Megan Dunn interviews Ian Wedde about art reviewing.
I’ve been researching City Gallery’s past exhibitions and publishing exhibition histories here on the website. My favourite part is reading reviews from the 1980s. Lita Barrie, Rob Taylor, James Mack, and the tantalisingly named Elva Bett—their bylines ran in the newspapers of yesteryear next to old bra ads and classifieds, but their reviews are still as fresh and whiffy as the smoke from a vape—their opinions still pop. I often quote reviews to add context and colour to my exhibition histories. My most-often-quoted reviewer from the 1980s is the poet Ian Wedde. I talked to him about beginning his career as an art critic in the halcyon days when it still paid by the word.
Megan Dunn: When did you start art reviewing?
Ian Wedde: My regular gig for the Evening Post started in the early 1980s. At the time, the features room was run by a couldn’t-give-a-shit guy who had no interest in art whatsoever. The first time I took a piece in, he looked at it and threw it in the bin. He was doing one of those old-journo routines. He said, ‘Don’t expect me to edit this. For a start, I can see that it’s a good hundred words over, so go and do it again.’ From then on, I wrote the exact number of words to extract the exact amount of money I was to be paid. For the next decade, I wrote one or two reviews a week.
How did you get the gig?
I hung out in the art world and had quite a few friends in it. One day Peter McLeavey said, ‘Would you be interested in reviewing for the Evening Post?’ He put a word in for me at the paper.
Did you choose what you reviewed?
Yeah. And it was at an interesting time. During the 1980s boom, there was a shift. The dealer-gallery scene was livening up. There was a new generation coming through, and, for gallery goers, some surprising stuff started to happen. The emergence of photography, for example.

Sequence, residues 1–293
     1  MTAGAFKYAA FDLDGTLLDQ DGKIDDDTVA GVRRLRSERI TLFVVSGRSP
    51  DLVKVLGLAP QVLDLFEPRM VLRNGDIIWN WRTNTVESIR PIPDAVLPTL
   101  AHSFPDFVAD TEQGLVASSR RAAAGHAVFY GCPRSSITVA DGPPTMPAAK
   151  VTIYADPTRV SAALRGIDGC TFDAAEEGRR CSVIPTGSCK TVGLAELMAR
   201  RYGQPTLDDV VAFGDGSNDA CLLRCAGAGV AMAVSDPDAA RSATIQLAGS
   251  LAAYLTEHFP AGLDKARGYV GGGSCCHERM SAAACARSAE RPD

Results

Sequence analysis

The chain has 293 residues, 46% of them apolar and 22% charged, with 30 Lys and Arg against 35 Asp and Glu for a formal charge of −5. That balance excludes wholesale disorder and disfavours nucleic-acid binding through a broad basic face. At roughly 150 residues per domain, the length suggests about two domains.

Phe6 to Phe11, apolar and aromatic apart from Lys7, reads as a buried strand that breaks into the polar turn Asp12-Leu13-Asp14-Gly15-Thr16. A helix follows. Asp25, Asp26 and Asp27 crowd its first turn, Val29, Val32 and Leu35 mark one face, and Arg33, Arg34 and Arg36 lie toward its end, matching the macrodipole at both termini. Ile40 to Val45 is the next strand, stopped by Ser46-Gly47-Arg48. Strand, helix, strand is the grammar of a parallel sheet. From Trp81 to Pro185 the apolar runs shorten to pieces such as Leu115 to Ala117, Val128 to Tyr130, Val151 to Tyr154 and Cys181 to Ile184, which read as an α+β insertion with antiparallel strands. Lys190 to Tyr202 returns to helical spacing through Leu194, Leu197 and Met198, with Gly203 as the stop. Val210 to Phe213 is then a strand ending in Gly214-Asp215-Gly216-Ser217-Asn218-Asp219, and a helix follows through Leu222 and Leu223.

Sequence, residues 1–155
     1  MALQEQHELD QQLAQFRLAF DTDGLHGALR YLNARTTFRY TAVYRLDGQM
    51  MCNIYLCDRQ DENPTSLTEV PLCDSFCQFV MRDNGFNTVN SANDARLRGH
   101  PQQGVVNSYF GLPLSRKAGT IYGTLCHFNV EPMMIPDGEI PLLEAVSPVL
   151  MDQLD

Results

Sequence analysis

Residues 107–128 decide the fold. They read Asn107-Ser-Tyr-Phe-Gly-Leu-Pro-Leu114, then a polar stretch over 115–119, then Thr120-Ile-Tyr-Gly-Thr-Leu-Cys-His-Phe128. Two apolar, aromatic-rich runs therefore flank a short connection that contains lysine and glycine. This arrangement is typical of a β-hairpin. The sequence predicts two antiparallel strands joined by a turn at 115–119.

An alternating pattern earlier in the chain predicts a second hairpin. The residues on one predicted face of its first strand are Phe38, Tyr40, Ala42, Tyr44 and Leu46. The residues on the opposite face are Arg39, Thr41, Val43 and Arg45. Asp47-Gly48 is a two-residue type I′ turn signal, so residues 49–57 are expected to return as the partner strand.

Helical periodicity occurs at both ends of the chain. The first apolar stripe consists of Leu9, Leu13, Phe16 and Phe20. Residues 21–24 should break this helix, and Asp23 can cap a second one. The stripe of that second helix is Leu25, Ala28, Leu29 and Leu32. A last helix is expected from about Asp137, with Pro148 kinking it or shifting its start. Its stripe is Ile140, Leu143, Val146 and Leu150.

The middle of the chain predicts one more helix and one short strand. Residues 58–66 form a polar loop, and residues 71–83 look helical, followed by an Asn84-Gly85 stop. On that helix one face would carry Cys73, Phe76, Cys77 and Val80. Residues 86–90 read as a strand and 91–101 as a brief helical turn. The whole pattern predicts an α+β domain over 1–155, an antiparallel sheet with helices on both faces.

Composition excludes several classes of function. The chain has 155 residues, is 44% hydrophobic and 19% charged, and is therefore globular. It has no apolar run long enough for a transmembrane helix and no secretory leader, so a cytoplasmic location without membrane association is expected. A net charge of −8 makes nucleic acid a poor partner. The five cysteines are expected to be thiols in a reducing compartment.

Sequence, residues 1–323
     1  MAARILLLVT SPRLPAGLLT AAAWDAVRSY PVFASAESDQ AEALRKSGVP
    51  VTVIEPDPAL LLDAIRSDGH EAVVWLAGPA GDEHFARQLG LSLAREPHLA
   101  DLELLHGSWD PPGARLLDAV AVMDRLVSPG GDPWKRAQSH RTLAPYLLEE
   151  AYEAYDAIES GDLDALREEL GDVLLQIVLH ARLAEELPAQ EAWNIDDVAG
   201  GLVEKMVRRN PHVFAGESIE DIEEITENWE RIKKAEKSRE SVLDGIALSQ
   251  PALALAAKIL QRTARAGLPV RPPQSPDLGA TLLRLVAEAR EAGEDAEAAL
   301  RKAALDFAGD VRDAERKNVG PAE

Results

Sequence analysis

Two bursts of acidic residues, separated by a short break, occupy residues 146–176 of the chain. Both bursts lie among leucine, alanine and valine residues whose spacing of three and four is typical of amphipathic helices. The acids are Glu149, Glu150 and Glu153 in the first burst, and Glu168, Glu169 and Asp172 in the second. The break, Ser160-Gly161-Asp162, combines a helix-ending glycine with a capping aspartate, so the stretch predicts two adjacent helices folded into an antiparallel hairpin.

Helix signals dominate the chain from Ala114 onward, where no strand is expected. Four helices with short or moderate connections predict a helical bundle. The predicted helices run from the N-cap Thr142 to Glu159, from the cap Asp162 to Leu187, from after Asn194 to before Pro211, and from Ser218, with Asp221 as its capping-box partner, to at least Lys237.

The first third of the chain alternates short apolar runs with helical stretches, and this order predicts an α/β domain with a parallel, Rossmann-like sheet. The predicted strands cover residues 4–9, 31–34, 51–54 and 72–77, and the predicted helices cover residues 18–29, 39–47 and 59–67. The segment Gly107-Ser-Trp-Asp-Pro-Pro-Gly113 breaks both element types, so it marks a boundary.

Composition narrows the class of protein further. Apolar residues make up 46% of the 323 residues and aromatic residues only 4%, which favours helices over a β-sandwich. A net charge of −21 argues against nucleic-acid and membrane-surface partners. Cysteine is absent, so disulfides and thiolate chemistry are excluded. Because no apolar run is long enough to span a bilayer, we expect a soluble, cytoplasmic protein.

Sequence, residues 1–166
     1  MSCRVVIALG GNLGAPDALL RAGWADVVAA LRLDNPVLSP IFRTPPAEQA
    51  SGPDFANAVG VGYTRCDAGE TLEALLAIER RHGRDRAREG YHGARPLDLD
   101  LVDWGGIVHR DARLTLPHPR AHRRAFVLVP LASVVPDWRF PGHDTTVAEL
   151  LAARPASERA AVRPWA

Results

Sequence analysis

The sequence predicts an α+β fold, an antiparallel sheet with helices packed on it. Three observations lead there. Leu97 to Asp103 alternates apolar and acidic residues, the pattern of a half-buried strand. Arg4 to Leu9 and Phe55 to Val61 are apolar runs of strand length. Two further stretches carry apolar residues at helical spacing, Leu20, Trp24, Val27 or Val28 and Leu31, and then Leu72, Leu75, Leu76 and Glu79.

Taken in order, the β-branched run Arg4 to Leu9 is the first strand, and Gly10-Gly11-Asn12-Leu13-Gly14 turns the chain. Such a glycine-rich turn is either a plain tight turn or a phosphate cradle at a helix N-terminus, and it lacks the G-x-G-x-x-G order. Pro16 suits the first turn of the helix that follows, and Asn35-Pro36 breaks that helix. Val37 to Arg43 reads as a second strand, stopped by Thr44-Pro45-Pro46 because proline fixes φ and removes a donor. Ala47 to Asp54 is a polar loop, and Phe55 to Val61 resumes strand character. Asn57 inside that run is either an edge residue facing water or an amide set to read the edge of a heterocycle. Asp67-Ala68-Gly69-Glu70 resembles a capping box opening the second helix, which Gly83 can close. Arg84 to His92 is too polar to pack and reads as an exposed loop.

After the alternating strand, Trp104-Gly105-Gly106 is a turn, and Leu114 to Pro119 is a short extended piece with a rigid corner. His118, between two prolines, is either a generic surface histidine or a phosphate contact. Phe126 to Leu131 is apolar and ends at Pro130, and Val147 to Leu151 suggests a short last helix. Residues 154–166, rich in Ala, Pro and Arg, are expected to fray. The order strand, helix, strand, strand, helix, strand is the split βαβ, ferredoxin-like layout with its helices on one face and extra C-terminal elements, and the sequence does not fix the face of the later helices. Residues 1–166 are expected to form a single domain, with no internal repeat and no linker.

When did your interest in art begin?
When I was at college in England, I spent quite a bit of time in the art room. I had dreams that I was going to be an artist. With my pocket money, I had accumulated a kit of art tools: brushes, paints, easel, all that traditional stuff. There was this other kid in the class who I could see was really good, but he probably had a personality disorder of some sort. One day, when I arrived at the art room, he’d taken a razor blade and cut the tips off my brushes and thrown all the paint out the window into the nearby river. He completely destroyed my kit. He got punished by the school, but I thought, ‘No. You’re right. I’m wasting my time. Thank you.’
What makes a good review?
Not going in with an opinion. Go in with an open mind, first and foremost. Look at the work carefully. If you’ve been looking at art for a while, you will be informed, so you’ll probably already know the artist’s work. But every time, give them a new chance. Something unexpected is always waiting. And, if it’s not, then at least then you can go, ‘Well, this is consistent. I’ve seen this before. Here are the little tweaks.’ Talk to the artist if you get a chance.
So you’re for talking to the artist then?
Absolutely. The gallery is a social space. It’s not just a consumer space. And when you look at art, you’re in the presence of an artist as well as in the presence of the art, and that’s important.
A lot of people tell me they get fatigued by description in reviewing. Do you share that sentiment?
Reviews that merely describe are a waste of time. You have a duty to be honest about how you’ve approached the work, and how you’ve responded to it. Just describing it is lame.
Does description play a role, though?
Yes. It tests your powers of observation. Description gives the reader a chance to understand what the work consists of, how it appears, but you can’t just do a word picture of the art and sign off.
What did you enjoy about reviewing?
I always loved having an unexpected encounter. In the 1980s, I had great encounters with new work from artists like Jacqueline Fahey and bad boys like Philip Clairmont. Recent work by more established artists was interesting too. Because they’d been making work for a lifetime, it was the opposite of the shock of the new. How had they maintained continuity?
In the 1980s, there was the postmodern turn, which you engaged with—indeed typified—in your 1990 show Now See Hear! What do you make of that turn now?